Examples of resource-related projects suitable for the re-issuance FOA, include, but are not limited to:

  • Mutant or transgenic animal models for studying fundamental biological processes and investigating mechanisms underlying a broad range of human diseases that impact multiple body systems;
  • Generation of antibodies or other reagents and demonstration of their utility for quantifying or characterizing macromolecules or cells in animal models of a variety of human diseases;
  • Development of information resources for generating novel hypotheses and improving the utilization of animals in biomedical research, including deep phenotyping of organelles, single cells, cellular networks, microbiomes, or behaviors;
  • Informatics tools or systems biology approaches, especially artificial intelligence or machine learning tools, that integrate various types of data, including genomic, proteomic, metabolomic, imaging, or phenotypic data, to generate novel hypotheses and improve the value of animal models for biomedical research;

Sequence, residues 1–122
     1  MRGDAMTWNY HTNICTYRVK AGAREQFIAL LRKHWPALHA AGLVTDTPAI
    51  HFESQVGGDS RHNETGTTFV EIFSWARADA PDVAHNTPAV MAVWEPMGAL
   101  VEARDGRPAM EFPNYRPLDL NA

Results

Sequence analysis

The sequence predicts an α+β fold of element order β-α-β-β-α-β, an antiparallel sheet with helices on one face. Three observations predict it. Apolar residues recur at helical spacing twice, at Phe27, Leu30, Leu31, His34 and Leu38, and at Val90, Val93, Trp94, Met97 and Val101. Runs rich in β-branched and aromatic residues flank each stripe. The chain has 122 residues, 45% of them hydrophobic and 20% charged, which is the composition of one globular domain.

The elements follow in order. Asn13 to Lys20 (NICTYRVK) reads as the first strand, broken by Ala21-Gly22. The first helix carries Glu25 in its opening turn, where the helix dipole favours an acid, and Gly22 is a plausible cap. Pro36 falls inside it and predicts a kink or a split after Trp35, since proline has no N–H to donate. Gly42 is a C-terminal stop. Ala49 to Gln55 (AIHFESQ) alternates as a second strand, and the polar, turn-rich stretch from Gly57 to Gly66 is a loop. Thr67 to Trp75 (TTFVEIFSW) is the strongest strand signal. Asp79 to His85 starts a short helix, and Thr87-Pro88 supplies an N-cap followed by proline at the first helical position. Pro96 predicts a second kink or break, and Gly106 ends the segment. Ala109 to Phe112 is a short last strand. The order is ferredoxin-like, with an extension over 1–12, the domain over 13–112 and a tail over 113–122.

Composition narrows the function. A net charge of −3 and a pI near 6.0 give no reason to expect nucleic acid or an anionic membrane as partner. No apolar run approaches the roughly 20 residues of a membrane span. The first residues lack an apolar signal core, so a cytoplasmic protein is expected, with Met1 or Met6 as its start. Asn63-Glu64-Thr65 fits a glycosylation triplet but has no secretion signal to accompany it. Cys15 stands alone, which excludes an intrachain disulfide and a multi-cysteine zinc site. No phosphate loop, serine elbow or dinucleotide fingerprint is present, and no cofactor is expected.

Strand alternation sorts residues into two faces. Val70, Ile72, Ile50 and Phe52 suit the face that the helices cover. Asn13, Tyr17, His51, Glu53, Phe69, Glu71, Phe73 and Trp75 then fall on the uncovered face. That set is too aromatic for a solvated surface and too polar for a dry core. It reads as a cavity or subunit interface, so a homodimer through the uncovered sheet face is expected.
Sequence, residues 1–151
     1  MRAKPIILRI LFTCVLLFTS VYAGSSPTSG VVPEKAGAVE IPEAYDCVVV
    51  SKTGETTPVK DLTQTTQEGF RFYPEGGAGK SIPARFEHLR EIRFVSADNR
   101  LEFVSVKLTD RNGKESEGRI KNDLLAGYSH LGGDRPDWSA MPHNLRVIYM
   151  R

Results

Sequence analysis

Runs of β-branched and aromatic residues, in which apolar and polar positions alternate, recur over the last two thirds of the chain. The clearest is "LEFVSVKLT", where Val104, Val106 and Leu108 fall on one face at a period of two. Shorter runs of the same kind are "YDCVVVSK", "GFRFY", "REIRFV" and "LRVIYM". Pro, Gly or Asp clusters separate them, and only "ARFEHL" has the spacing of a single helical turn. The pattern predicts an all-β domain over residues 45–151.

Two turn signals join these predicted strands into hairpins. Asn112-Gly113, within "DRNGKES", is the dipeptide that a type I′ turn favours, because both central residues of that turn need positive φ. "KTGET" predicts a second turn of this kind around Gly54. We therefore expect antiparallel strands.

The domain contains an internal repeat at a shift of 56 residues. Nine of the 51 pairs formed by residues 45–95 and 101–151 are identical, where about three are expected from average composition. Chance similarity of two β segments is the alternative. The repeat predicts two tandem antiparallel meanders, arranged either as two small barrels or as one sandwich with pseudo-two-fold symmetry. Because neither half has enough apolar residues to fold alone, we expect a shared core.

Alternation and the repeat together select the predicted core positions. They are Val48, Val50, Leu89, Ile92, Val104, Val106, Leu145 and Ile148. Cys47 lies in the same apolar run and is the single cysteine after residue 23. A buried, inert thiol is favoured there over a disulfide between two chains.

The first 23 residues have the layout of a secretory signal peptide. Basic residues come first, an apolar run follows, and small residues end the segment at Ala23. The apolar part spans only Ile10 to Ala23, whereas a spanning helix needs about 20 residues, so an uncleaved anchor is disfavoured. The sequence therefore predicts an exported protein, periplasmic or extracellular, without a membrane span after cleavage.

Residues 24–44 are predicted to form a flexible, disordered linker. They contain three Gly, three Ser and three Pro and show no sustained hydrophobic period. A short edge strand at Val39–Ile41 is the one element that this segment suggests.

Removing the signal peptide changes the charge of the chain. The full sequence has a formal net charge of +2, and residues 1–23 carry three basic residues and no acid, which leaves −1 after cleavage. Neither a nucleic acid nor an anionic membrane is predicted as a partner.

• Animal-based genetic, genomic, proteomic, metabolomic or phenomic tools for deep characterization and understanding of disease-related biological processes;
  • Genetic resources at the genome scale, including DNA or viral vector libraries, for gene editing of cell lines, germplasm, or somatic cells;
  • Methods or tools for improving cryopreservation, or other long-term preservation approaches, of animal cells, germplasm, embryos, or genetic stocks;
  • Methods or tools for characterizing stem cells and advancing the techniques of regenerative medicine in animal models, in particular humanized animal models;
  • Diagnostic, preventive, or treatment methods for emerging or potential pathogens in animal resource facilities;
  • Development, improvements or refinements of technologies or methods applicable to animal model research that aim to specifically enhance its rigor and reproducibility;